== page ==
Even back in March, Germany's panel of economic advisers agreed that the unfolding coronavirus crisis would deal a severe blow to Europe's powerhouse and predicted a 2.8% drop in gross domestic product for 2020.
The calculation was based on the assumption that lockdowns would last for no more than five weeks and restrictions would be eased swiftly thereafter.
But the novel coronavirus wouldn't play along, and some restrictions are still in place today and keep weighing heavily on the economy.
Adapting to the realities on the ground
In a revised forecast presented Tuesday, the German economic experts conceded that the country's output would shrink by 6.5% this year, plunging the nation into its worst recession since the end of World War II.
Industrial production has already decreased to its lowest level in two decades and export figures for May were devastating, highlighting Germany's heavy dependence on fellow European and overseas markets. German shipments abroad would dip by 14.5% this year, the pundits predicted.
The five economic advisers said unemployment was likely to rise further in the months ahead to an annual average of 2.72 million in 2020, up from 2.27 million last year.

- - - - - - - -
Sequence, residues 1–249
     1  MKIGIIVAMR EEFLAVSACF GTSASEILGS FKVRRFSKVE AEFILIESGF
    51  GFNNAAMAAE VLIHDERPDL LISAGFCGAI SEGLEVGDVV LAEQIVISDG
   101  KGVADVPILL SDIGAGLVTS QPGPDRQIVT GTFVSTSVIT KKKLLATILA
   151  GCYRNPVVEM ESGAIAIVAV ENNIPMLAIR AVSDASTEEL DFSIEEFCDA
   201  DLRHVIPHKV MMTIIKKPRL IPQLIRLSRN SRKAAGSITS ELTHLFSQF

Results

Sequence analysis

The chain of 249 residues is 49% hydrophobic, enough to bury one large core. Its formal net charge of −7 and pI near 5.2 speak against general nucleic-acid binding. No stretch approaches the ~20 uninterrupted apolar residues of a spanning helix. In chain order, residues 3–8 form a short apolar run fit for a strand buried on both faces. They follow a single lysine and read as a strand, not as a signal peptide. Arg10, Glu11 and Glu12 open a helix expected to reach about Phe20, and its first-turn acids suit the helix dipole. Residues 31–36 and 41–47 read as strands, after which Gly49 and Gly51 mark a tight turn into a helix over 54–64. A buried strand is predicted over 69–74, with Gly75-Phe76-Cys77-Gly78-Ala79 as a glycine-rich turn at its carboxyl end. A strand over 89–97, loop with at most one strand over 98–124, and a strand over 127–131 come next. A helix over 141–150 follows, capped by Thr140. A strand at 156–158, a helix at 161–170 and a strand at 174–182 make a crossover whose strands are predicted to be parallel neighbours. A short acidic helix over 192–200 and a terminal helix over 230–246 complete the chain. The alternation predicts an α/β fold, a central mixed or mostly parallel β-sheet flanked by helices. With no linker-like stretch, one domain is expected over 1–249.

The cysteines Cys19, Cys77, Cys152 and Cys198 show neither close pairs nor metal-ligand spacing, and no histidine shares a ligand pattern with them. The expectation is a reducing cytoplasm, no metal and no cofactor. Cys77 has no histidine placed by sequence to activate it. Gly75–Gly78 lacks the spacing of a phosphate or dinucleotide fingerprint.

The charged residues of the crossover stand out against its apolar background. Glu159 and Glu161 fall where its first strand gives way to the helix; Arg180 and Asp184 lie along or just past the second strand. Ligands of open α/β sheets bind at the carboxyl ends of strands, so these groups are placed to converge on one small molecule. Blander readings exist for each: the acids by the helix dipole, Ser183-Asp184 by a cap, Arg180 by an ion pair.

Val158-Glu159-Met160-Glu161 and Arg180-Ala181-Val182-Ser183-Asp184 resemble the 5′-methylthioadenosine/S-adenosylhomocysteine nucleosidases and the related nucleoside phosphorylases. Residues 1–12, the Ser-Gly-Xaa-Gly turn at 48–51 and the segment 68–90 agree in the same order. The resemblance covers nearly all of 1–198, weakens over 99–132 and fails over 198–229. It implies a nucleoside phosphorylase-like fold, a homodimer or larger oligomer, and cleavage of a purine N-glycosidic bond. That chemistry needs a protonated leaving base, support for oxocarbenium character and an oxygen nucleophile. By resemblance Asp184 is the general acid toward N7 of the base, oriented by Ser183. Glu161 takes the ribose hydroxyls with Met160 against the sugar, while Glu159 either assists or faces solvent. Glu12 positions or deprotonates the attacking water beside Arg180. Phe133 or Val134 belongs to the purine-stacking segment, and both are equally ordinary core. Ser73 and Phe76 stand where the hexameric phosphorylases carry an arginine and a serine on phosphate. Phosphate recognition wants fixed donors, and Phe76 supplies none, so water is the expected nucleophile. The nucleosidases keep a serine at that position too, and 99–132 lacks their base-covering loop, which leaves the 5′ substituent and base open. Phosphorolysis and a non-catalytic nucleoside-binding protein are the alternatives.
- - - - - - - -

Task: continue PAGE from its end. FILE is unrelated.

According to the Kiel Institute for the World Economy (IfW), pandemic-related losses for the German economy will add up to some €390 billion ($440 billion) for this year and next.
"We're heading into a deep recession," said economic adviser Veronika Grimm, adding that calculating the aggregate decrease in GDP was difficult as it was unclear as yet whether the country would be hit by a second wave of infections triggering renewed lockdowns.
V-shaped recovery possible
The economic pundits warned that a full recovery from the current blow would take a long time reaching into 2022, considering in particular that some of Germany's crucial export markets had been hit even harder by the pandemic.
They noted that companies would remain reluctant to risk big investments for quite some time to come as long as exports were down and the firms' equity capital was low.
All in all, though, the advisers were confident that Germany could embark on a recovery trajectory in the summer months and return to a solid growth path as of next year despite all the uncertainty at hand. They penciled in a 4.5% expansion of the economy for 2021.
The advisers expected a boost from a state-initiated economic aid package to the tune of €130 billion that includes a shot in the arm for struggling communities and bonuses for buyers of new all-electric and hybrid vehicles.
hg/ap (dpa, Reuters)